Midlands councils use spy laws to snoop on residents 400 times

Midlands councils have used controversial spy powers to snoop on residents nearly 400 times in the last five years.

Midlands councils use spy laws to snoop on residents 400 times

Surveillance powers have been used 388 times, including to catch fly-tippers, graffiti vandals, noisy neighbours, and even dog foulers since 2010.

Techniques vary from direct surveillance, such as following a suspect, to intercepting their phone records.

Sandwell Council has used powers under the Regulatory Regulation of Investigatory Powers Act (RIPA) 180 times since 2010.

Wolverhampton used the powers 152 times, Staffordshire County Council 33 times, and Dudley Council 18 times.

Stafford Borough Council has used it just five times.

But the use has been cut dramatically to just a handful of times in the past two years since local authorities were required to get magistrates' permission.

The use of the powers have been hit by controversy after it was revealed police forces had been using the legislation on journalists to identify their sources.

Civil rights campaigners say the law was passed to fight terrorism and serious organised crime but authorities were able to unjustifiably intrude into residents' lives.

West Bromwich East MP Tom Watson, who has campaigned for surveillance laws to be restricted, said: "RIPA was passed with the intention it would be used to fight terrorism and serious organised crime – not to spy on ordinary people. One thing all the parties agree on is that it needed to change and there is still need for further reform on its use by other agencies."

Tom Watson

Figures show the powers were mostly used by the councils to catch rogue traders and benefits cheats and those committing anti-social behaviour.

All councils said they have not targeted journalists.

Sandwell used the powers 95 times on trading standards investigations, 72 times in anti-social behaviour cases, 10 in environmental protection breaches, and three cases of benefit fraud.

In Wolverhampton, suspected benefit cheats have been placed under surveillance 35 times. The powers have also been used to catch fly-tippers, identify fly-posters, and noisy neighbours on 45 occasions.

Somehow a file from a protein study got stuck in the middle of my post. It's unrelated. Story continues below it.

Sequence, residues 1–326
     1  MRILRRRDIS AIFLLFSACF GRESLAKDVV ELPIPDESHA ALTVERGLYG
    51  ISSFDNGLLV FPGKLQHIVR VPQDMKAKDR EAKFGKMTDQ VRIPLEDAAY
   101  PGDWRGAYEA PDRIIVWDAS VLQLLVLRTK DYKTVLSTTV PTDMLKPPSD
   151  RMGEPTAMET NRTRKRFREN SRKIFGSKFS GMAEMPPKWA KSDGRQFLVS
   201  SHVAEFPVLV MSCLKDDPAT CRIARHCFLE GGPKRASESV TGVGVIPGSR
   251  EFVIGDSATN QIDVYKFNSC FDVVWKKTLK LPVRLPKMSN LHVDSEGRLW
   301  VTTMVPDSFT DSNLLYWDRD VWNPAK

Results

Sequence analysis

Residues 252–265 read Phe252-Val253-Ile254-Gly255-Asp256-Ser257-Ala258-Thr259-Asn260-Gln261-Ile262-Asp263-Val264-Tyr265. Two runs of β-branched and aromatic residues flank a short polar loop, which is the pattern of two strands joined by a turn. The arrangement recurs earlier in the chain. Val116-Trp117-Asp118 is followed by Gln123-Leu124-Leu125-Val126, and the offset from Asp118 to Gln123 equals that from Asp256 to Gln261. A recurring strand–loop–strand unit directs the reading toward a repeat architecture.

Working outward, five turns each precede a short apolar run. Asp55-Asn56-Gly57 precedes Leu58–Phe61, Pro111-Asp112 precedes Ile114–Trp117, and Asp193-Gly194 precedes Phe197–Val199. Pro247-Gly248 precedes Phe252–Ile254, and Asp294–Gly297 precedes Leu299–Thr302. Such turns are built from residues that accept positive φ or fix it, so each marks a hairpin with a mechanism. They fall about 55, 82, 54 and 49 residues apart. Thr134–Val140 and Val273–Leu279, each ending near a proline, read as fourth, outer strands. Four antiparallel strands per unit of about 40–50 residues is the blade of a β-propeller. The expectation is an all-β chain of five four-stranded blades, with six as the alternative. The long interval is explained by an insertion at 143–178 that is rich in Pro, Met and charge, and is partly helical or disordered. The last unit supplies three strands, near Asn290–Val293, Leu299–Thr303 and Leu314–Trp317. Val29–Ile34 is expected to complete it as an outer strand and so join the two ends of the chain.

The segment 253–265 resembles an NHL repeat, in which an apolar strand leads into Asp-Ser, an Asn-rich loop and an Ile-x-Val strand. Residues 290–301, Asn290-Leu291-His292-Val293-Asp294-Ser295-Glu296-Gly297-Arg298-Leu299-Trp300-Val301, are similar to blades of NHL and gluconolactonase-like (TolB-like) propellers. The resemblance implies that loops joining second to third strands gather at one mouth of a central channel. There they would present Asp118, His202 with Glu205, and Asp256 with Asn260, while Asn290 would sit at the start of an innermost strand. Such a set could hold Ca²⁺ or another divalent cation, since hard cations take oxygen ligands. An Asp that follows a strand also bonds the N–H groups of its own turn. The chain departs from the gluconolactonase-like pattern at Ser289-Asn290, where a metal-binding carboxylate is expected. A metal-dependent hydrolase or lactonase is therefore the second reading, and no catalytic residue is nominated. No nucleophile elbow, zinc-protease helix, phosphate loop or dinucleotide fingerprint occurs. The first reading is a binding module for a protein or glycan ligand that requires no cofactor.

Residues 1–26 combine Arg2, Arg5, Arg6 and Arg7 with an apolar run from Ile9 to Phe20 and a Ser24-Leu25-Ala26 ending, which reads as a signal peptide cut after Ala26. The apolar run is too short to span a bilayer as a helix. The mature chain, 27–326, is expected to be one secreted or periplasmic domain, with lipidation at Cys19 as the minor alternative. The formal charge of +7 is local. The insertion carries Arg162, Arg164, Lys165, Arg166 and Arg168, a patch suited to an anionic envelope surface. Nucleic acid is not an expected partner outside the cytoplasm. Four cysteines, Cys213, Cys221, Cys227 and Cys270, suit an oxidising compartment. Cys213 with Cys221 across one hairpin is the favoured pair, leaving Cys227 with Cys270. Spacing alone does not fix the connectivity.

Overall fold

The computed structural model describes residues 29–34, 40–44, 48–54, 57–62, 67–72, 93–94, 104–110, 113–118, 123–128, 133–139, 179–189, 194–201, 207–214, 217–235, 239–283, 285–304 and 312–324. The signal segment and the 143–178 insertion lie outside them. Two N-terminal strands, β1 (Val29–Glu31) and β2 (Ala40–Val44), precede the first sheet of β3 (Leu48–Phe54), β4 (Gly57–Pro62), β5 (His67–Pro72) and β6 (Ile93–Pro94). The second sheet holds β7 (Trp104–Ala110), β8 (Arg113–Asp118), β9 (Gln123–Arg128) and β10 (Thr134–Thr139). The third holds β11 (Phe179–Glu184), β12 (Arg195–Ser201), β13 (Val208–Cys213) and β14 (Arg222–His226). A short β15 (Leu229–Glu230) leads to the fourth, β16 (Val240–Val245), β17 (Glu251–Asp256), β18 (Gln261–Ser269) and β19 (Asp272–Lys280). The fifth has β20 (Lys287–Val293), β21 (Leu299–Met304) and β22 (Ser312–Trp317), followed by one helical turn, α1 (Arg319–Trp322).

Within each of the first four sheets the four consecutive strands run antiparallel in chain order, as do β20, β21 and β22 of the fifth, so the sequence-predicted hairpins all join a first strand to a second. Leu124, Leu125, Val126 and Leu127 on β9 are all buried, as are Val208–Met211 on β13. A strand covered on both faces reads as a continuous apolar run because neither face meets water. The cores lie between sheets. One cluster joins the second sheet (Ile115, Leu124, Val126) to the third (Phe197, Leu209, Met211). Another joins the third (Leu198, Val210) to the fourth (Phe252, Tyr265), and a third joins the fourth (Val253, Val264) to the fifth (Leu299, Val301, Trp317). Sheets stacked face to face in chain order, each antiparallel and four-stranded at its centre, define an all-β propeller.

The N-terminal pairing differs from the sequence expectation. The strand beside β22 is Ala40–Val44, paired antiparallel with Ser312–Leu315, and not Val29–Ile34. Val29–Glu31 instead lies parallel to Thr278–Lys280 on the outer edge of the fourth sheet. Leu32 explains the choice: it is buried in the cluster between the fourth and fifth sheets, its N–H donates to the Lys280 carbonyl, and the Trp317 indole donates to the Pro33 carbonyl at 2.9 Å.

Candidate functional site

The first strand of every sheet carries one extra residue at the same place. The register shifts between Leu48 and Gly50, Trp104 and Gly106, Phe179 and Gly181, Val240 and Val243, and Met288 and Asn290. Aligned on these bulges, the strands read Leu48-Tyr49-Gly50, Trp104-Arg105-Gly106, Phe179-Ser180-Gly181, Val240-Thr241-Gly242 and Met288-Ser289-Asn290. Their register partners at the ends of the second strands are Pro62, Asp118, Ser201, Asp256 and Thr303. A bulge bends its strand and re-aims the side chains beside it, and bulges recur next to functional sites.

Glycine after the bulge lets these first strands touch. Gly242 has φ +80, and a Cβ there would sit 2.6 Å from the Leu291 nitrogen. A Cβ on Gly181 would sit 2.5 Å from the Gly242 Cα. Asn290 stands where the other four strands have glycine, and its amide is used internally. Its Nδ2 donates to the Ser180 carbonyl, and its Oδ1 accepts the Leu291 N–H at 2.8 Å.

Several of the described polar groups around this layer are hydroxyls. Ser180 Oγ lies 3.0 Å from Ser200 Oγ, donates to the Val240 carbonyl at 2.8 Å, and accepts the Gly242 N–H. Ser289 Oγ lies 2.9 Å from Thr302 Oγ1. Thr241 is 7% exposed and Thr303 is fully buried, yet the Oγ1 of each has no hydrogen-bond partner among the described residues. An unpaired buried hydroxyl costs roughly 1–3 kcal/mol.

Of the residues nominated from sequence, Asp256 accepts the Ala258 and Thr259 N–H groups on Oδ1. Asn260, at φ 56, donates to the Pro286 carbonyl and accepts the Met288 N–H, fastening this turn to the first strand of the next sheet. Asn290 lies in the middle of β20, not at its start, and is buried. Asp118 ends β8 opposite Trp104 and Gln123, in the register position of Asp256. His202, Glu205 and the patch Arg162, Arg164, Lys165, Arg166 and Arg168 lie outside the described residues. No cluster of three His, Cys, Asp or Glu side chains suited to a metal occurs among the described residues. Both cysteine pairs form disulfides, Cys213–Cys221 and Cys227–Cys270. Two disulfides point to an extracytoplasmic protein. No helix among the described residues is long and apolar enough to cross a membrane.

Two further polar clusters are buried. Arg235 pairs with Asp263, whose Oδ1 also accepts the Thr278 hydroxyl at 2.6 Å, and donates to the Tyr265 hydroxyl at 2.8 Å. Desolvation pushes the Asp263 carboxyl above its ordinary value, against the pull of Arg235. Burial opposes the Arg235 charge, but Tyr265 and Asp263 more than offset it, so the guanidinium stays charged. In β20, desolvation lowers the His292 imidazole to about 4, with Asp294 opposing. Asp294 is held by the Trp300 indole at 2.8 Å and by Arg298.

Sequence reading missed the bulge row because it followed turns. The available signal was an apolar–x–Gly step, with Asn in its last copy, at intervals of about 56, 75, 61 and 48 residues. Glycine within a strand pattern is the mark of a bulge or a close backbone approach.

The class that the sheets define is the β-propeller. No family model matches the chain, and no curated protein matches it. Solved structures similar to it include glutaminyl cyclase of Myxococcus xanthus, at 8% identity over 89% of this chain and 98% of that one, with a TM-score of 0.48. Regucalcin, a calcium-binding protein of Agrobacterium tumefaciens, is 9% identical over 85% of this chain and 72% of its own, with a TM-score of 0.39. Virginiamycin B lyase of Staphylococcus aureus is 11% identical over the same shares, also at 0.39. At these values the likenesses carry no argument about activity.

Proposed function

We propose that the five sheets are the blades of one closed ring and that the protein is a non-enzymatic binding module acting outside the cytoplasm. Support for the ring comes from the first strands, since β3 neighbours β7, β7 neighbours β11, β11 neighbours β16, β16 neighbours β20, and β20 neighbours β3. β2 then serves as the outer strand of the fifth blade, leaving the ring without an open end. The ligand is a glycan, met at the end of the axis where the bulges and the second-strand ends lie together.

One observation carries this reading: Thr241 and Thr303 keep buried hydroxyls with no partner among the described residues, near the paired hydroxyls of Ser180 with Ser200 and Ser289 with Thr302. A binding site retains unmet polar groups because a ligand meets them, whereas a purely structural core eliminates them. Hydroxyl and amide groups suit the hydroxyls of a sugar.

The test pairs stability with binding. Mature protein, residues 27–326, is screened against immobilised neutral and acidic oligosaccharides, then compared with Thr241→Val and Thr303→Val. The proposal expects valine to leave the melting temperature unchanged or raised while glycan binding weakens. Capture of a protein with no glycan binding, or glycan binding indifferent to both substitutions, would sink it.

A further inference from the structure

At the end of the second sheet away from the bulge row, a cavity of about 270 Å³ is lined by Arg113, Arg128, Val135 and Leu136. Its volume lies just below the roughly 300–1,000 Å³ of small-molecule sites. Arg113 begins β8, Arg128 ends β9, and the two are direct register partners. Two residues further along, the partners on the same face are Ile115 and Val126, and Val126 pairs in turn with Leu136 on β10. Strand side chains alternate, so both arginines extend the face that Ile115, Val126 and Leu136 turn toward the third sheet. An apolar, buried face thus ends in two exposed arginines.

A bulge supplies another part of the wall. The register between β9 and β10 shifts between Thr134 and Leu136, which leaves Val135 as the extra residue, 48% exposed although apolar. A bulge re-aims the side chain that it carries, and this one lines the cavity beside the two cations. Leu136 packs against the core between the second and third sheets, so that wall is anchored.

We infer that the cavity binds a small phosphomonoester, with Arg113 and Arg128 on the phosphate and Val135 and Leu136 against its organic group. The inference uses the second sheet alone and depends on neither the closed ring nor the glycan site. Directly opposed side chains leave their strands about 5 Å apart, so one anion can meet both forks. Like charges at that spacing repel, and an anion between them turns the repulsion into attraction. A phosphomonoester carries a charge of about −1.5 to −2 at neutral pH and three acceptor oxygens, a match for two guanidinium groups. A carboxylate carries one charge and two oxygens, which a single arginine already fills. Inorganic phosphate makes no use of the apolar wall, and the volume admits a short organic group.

Staffordshire County Council used surveillance powers nine times to investigate underage alcohol sales, on seven occasions in suspected benefit cheat cases, and four times in trading standard cases and four times in underage tobacco sale investigations.

Walsall Council failed to respond to a request for the data under the Freedom of Information Act.

Black Country and Staffordshire councils used surveillance on residents 388 times between 2010 and the end of 2014.

But since November 2012, the use of the powers has plummeted since the law was tightened up to stop councils from snooping on people suspected of 'minor offences' such as dog fouling and littering.

Sandwell Council used RIPA powers 81 times in 2010, 58 times in 2011, 31 times in 2012, six times in 2013, and four times in 2014.

Likewise Wolverhampton City Council used the powers 69 times in 2010 but just twice last year.

Dudley Council used it just twice in 2014, Staffordshire County Council used it nine times, but Stafford Borough Council has not used it more over two years.

Lists revealed under Freedom of Information law shows councils used the spy powers on noisy neighbours, dog foulers, graffiti vandals, fly-tippers and fly-posterers.

But now councils can only target people suspected of a crime that carries a minimum six-month prison sentence with the exception of investigations into the sales of underage alcohol and tobacco.

South Staffordshire MP Gavin Williamson said: "The sharp drop shows that the changes in the law have meant that local authorities now cannot overstep the mark.

"The high figures before the change show that there was abuse of the law to target people for minor offence which the legislation was never intended to be used for."

Councillor Darren Cooper, leader of Sandwell Council, said: "We reviewed our use of RIPA in light of new government guidance and changes in legislation around which offences the powers could be used to investigate. This is the main reason we're not using it as much now.

"The new system of judicial oversight by magistrates has not deterred us from using it where we need to in the fight against crime.

"Our priority is to protect people from criminals – and we continue to use RIPA when there is no other option to gain evidence, for example in tackling rogue traders.

"I assure residents we use the powers sparingly and we have systems in place to ensure people's freedoms are respected and that we apply for RIPA authorisation as required."

Wolverhampton City Council spokesman Tim Clark said: "There are a number of factors that have contributed to the drop in the number of RIPA authorisations. The crime threshold imposed in November 2012 removed the ability to undertake directed surveillance in relation to a number of environmental crime issues. Also, our benefit fraud investigations no longer undertake covert surveillance. These factors, combined with reductions in staffing levels due to the need to make savings, have contributed to the overall decrease in authorisations."

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